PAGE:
Dividend investing isn’t as simple as buying dividend-paying stocks and holding them for the long haul. Price matters, and overpaying for dividend stocks can prove to be disastrous. Those dividend checks won’t mean much if they’re accompanied by permanent capital losses.
Warehouse club Costco has been nothing if not consistent over the past decade, steadily growing revenue and profit as it expanded its store base. With tens of millions of paying members, and with high rates of member retention driven by unbeatable prices and quality customer service, Costco is simply one of the best retailers around.
But none of that guarantees that it’s a good investment. Costco’s stock price has soared 85% since early 2012, pushing up the valuation and pushing down the dividend yield. Based on trailing-12-month earnings, Costco stock trades at a price-to-earnings ratio of 31, a lofty figure for a company growing earnings at a relatively slow pace. Per-share earnings have compounded at a rate of just 8% annually since 2012, and earnings decreased in fiscal 2016 due to sluggish revenue growth and higher costs.
Costco stock yields just 1.1%, a pittance compared with other large retailers. Only 34% of earnings went toward the dividend last year, so there is plenty of room to grow. But the only way for the yield to rise to a level comparable to Costco’s peers is for the price of the stock to fall. High-quality companies deserve to trade at a premium, but I think investors are getting a little carried away when it comes to Costco.
Tax preparation and accounting software provider Intuit has also seen its stock rise over the past five years, notching a gain of more than 100%. Intuit is known for TurboTax and QuickBooks Online, the first of which is a cash cow for the company. During fiscal 2016, the consumer tax segment generated nearly $2 billion of revenue, along with an operating margin of 65%. Intuit has done a masterful job of convincing tax filers to pay up for its services, despite plenty of lower-cost competition.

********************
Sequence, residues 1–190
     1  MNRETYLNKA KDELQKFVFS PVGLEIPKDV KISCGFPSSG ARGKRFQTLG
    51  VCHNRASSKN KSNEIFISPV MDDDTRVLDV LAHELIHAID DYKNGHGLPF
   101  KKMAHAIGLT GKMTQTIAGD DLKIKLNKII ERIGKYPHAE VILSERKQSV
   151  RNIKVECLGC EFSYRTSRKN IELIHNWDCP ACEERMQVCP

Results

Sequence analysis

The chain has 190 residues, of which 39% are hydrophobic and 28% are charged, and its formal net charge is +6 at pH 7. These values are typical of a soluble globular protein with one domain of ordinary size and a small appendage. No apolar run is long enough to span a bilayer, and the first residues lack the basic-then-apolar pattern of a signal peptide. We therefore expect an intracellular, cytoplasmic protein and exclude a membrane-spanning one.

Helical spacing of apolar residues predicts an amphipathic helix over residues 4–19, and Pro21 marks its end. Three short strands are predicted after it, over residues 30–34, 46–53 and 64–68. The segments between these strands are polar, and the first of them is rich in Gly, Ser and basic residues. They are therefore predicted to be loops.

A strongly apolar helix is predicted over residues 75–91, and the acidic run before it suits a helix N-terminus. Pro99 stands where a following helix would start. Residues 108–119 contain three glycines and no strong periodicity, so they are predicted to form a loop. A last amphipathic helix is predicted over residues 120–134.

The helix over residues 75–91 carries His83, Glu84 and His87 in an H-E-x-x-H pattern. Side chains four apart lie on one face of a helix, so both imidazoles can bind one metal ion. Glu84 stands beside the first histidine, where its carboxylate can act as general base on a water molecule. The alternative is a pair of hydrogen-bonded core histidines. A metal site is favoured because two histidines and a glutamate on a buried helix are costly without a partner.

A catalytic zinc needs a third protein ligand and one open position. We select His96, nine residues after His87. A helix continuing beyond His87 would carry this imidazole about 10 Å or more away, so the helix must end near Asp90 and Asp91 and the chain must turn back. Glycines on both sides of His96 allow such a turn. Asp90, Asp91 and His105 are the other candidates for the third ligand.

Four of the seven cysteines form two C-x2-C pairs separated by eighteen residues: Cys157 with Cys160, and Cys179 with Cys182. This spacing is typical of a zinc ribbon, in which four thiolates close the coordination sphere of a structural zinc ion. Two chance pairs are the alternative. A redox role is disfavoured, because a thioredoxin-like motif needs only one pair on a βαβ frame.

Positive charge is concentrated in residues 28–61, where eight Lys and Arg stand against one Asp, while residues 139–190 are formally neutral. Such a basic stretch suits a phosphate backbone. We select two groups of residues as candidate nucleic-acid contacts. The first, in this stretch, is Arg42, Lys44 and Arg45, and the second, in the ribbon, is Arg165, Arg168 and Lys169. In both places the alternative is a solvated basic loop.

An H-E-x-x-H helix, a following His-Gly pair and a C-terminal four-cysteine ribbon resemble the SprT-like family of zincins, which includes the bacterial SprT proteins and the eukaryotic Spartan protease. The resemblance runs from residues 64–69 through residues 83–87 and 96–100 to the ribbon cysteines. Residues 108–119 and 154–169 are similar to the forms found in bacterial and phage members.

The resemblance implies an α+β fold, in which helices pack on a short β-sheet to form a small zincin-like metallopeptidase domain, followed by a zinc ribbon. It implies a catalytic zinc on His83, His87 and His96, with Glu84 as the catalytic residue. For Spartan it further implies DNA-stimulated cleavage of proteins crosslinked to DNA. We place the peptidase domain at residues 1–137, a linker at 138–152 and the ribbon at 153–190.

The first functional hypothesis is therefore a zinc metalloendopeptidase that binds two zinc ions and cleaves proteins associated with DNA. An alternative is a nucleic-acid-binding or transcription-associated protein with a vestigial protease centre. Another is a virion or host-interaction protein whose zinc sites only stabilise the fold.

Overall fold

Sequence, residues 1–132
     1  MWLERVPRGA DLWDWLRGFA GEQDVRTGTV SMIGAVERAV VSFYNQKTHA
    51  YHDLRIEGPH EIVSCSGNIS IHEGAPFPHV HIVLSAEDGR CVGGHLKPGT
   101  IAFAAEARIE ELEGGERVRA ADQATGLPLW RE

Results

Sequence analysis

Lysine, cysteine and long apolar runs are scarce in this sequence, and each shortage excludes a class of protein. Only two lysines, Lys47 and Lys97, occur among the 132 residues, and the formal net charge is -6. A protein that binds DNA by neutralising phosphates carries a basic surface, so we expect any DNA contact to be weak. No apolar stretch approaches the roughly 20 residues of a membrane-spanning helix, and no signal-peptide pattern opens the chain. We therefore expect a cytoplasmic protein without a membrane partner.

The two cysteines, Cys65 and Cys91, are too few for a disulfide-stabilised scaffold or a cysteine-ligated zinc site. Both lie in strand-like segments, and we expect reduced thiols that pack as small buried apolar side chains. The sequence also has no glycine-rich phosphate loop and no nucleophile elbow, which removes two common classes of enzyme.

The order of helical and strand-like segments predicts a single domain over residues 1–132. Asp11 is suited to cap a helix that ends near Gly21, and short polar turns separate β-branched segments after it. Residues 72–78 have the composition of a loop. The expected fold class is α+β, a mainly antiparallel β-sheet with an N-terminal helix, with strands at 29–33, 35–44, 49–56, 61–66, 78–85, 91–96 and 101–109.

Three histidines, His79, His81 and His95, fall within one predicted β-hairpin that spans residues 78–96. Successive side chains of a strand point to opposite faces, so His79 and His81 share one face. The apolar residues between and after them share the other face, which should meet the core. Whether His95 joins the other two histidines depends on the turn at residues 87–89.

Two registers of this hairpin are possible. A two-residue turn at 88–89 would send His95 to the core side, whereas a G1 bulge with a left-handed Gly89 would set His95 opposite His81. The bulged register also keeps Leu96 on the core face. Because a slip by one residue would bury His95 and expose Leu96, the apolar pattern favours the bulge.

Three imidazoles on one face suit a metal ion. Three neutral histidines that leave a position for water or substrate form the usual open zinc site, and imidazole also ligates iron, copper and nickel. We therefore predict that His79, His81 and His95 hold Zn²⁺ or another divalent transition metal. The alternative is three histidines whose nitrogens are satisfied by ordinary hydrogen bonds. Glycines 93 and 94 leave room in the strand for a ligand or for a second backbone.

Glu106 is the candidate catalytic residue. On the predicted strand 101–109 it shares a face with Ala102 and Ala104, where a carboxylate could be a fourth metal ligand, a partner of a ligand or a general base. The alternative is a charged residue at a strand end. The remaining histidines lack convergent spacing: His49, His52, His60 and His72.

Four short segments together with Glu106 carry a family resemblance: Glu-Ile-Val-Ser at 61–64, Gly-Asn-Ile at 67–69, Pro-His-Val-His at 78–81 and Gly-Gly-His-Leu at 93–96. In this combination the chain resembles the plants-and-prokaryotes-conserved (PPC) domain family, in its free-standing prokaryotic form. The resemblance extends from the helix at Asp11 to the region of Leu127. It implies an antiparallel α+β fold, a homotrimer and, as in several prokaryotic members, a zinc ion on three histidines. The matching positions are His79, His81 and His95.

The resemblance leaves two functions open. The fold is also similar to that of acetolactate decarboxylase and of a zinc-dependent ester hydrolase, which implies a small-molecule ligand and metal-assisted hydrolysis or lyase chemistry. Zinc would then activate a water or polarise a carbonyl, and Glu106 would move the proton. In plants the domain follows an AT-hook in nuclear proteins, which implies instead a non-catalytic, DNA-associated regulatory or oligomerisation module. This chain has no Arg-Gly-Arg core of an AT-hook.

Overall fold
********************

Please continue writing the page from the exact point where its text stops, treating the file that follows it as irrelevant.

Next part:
There are two problems with Intuit as a dividend stock. First, the valuation is optimistic, to say the least. Intuit stock trades for 33.5 times earnings, despite net income only rising 14% since fiscal 2013. Share buybacks have helped boost the per-share numbers, but Intuit’s growth hasn’t been all that impressive. This high valuation has led to a dividend yield of just 1.1%.
Second, Intuit faces new challenges to its lucrative tax prep business. Credit Karma, a start-up that gained recognition for offering free credit scores through its website and app, launched a completely free online tax service in January. Credit Karma Tax isn’t yet as fully featured as TurboTax, but as the service improves, I expect Intuit will begin to have trouble getting customers to pay as much as $115 to do their taxes.
Intuit has made a killing in the tax prep business, but the potential for a steep earnings decline if customers flock to free services like Credit Karma Tax over the next few years, along with a high valuation and low dividend yield, makes the stock a risky bet.
Domino’s has staged quite the turnaround since 2010, when it revamped its recipes and ran commercials admitting that its pizza wasn’t very good. The stock has been on a tear, soaring 360% over the past five years, and both revenue and earnings have been growing at a healthy pace. Same-store sales growth has consistently been in the double digits, an incredible feat for a pizza chain that was once viewed as low-quality fast food.
This strong performance has pushed the valuation up to nosebleed levels. Domino’s stock trades for about 43 times earnings, with investors betting that the company’s impressive growth will continue. But the kind of growth that Domino’s has experienced in recent years is unsustainable. The question is not if growth will slow, but when.
With a dividend yield of just 1%, Domino’s is the quintessential example of an overpriced dividend stock. It won’t take a disaster to send the stock tumbling — only a slowing of growth to a level that other restaurant chains would kill for. Domino’s stock, much like pizza, will burn you if you’re not careful.
Timothy Green has no position in any stocks mentioned. The Motley Fool owns shares of and recommends Costco Wholesale and Intuit. The Motley Fool is short Domino’s Pizza and has the following options: short June 2017 $140 puts on Domino’s Pizza. The Motley Fool has a disclosure policy.